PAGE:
Playing a Spanish-speaking housekeeper struggling to converse with Adam Sandler and Téa Leoni in Spanglish wasn't exactly a stretch for Paz Vega. "I didn't speak any English," says the Spanish actress, who found some conversational common ground with the Italian-speaking Leoni, while she and Sandler also bonded over linguistics. "I teach him some bad words," she says, in halting English, laughing. "He's very funny. I say, "When you go to Madrid, you have to remember,' and he says, 'Okay, I got it.'"

Sandler isn't the only one on whom Vega has left a lasting impression. Although some critics have nixed the movie, no one's complaining about the 28-year-old actress's breakout performance. In Spain, in fact, the Seville-born Vega (oldest daughter of retired bullfighter father Manuel, 57, and homemaker mom Paz, 51) is already a star. There she's best known for films like 2002's Talk to Her and 2001's nudity-drenched Sex and Lucia. "In Europe people don't worry about the body," says Vega. "It's normal. Here, people [are] crazy with the nude." With help from her husband, Venezuelan businessman Orson Salazar, 28, she shot an audition tape for Spanglish director James L. Brooks at her home in Madrid. Once she started filming in L.A., she began racking up cell-phone bills in the thousands by calling home. "Every 10 minutes we call," she says. "It was crazy. But for me, it was very necessary."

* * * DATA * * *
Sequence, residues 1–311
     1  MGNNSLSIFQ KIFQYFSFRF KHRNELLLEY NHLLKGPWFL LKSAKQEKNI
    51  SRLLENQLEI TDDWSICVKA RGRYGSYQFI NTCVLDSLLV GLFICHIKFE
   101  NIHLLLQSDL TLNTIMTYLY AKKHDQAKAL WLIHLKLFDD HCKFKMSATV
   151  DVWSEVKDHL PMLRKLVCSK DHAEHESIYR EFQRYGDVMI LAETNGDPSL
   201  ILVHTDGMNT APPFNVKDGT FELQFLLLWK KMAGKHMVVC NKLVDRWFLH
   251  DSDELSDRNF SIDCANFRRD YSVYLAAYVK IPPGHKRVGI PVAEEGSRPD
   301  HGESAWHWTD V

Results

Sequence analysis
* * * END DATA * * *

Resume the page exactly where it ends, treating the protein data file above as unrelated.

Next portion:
For now, Salazar has joined her in L.A., as she contemplates her next step. Daily seven-hour crash courses have improved her English, and she's also adapted to the perks of Hollywood: Casually sipping a margarita on an L.A. hotel patio, Vega waves to Salazar as he relaxes in the pool. "I'm very comfortable here," she says. "For me, everything is cool."